Thus the New Testament points us toward a world where cultural divisions, gender hierarchies and social status hierarchies are eliminated, while at the same time providing pastoral advice as to how gospel values of love and grace could be worked out in a highly patriarchal culture.

On this basis it doesn’t make sense to me that we try to perpetuate male leadership in church and home. This privileges an oppressive first century culture rather than the liberating message of Christ.

Of course, there are those who will read the texts differently, many of them fine biblical scholars. I recognise this is a fraught issue and that at the end of the day we may well agree to differ. But my journey has brought me to a place where I cannot endorse the idea that leadership of church and home belongs in the hands of men. I think it is unbiblical and detrimental to healthy community,-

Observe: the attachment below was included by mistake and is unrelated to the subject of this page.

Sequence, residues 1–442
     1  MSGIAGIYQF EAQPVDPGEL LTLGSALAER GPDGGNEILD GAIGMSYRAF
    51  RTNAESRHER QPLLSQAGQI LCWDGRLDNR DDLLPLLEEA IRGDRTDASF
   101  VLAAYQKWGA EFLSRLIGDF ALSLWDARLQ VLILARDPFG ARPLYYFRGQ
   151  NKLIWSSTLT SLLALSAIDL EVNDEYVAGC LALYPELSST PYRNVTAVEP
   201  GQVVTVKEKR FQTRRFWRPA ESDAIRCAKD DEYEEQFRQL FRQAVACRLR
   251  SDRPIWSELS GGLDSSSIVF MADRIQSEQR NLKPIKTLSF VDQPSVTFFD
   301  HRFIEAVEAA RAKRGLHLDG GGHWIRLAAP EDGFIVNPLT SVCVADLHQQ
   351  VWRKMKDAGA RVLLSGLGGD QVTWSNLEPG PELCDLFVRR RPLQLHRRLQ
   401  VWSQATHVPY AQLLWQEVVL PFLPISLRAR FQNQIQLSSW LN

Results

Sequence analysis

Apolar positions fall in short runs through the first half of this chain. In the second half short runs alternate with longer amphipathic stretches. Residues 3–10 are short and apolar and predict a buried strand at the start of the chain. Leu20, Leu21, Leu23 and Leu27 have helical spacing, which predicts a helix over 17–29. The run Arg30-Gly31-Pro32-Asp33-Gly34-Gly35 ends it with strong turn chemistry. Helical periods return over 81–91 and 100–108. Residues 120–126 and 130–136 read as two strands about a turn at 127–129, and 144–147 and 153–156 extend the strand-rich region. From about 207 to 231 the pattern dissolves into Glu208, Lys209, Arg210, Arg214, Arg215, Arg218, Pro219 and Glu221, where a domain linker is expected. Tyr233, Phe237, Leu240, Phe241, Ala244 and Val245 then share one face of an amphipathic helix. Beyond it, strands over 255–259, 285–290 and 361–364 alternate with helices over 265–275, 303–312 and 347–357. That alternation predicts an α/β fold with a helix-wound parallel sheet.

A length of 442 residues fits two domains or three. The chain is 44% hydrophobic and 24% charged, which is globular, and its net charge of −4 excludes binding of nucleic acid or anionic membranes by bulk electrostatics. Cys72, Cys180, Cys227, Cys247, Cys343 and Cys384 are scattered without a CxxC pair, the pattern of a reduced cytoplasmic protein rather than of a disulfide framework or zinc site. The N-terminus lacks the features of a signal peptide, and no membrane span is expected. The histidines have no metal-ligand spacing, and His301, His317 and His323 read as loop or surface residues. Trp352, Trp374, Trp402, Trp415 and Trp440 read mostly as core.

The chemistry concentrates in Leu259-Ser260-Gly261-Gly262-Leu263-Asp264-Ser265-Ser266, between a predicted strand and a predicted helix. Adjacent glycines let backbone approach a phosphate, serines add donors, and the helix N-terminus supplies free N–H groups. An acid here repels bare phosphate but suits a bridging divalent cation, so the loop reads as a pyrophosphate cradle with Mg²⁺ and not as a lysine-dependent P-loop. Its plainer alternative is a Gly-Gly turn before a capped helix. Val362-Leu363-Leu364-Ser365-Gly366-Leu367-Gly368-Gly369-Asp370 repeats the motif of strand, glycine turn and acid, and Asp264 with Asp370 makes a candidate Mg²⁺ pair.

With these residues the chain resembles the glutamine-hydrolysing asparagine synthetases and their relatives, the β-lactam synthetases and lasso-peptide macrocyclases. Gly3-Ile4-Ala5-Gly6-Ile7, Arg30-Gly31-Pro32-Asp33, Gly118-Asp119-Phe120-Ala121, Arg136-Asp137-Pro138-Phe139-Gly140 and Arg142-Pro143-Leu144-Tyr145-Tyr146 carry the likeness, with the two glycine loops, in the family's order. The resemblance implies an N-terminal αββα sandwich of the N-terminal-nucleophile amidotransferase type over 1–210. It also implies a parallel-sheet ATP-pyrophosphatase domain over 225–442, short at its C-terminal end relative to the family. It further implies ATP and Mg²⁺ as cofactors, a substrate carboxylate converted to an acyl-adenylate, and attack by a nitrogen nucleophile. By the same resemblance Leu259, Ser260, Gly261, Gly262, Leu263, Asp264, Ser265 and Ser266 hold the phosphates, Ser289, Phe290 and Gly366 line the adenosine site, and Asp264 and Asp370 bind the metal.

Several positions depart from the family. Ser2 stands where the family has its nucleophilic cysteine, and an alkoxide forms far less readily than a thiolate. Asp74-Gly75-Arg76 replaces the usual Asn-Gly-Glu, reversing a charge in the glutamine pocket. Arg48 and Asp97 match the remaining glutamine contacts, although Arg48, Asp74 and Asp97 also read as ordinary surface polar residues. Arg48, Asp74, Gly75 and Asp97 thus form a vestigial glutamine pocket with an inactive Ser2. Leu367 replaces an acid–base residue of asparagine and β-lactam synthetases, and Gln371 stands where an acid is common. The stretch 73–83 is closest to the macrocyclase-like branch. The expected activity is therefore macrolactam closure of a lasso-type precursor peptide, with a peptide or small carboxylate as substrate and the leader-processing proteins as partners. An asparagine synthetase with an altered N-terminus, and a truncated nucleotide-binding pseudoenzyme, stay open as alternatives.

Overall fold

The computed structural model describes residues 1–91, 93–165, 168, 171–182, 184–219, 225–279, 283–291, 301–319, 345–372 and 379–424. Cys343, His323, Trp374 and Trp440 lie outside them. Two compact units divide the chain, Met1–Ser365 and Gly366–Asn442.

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18 Comments on "To love and submit?!"

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Tony Camilleri
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“When Ephesians 5 anchors this in the relationship between Christ and the church the point is not that the Christ-church relationship is the model for gender roles within marriage but for love and service in relationships where status and authority varies between the parties.” An excellent point. I’m banging my own head against “complementarianism” lately and I think it results from displacing Pauls structure of relationships from any context other than his other comments on women teachers or their hair offending angels. The text is only talking to itself because the text is all. It boils down to how people… Read more »